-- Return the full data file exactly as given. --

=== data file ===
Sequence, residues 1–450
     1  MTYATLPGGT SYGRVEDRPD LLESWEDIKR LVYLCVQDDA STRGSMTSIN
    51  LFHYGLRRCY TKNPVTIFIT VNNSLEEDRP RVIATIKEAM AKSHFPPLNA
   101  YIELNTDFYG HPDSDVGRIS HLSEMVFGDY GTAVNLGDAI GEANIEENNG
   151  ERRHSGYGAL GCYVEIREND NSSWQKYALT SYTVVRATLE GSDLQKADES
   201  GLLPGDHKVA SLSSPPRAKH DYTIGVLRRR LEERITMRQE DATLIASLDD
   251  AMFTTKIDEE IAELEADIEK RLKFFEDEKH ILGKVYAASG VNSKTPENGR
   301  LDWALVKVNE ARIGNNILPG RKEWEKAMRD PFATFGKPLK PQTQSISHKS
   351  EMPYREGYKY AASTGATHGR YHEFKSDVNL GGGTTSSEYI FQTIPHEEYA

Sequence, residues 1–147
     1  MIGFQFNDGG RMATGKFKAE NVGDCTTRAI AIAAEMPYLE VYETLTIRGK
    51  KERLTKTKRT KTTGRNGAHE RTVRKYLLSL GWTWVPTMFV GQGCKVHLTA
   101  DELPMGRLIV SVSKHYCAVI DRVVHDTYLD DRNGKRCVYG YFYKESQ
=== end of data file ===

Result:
Sequence, residues 1–450
     1  MTYATLPGGT SYGRVEDRPD LLESWEDIKR LVYLCVQDDA STRGSMTSIN
    51  LFHYGLRRCY TKNPVTIFIT VNNSLEEDRP RVIATIKEAM AKSHFPPLNA
   101  YIELNTDFYG HPDSDVGRIS HLSEMVFGDY GTAVNLGDAI GEANIEENNG
   151  ERRHSGYGAL GCYVEIREND NSSWQKYALT SYTVVRATLE GSDLQKADES
   201  GLLPGDHKVA SLSSPPRAKH DYTIGVLRRR LEERITMRQE DATLIASLDD
   251  AMFTTKIDEE IAELEADIEK RLKFFEDEKH ILGKVYAASG VNSKTPENGR
   301  LDWALVKVNE ARIGNNILPG RKEWEKAMRD PFATFGKPLK PQTQSISHKS
   351  EMPYREGYKY AASTGATHGR YHEFKSDVNL GGGTTSSEYI FQTIPHEEYA

Sequence, residues 1–147
     1  MIGFQFNDGG RMATGKFKAE NVGDCTTRAI AIAAEMPYLE VYETLTIRGK
    51  KERLTKTKRT KTTGRNGAHE RTVRKYLLSL GWTWVPTMFV GQGCKVHLTA
   101  DELPMGRLIV SVSKHYCAVI DRVVHDTYLD DRNGKRCVYG YFYKESQ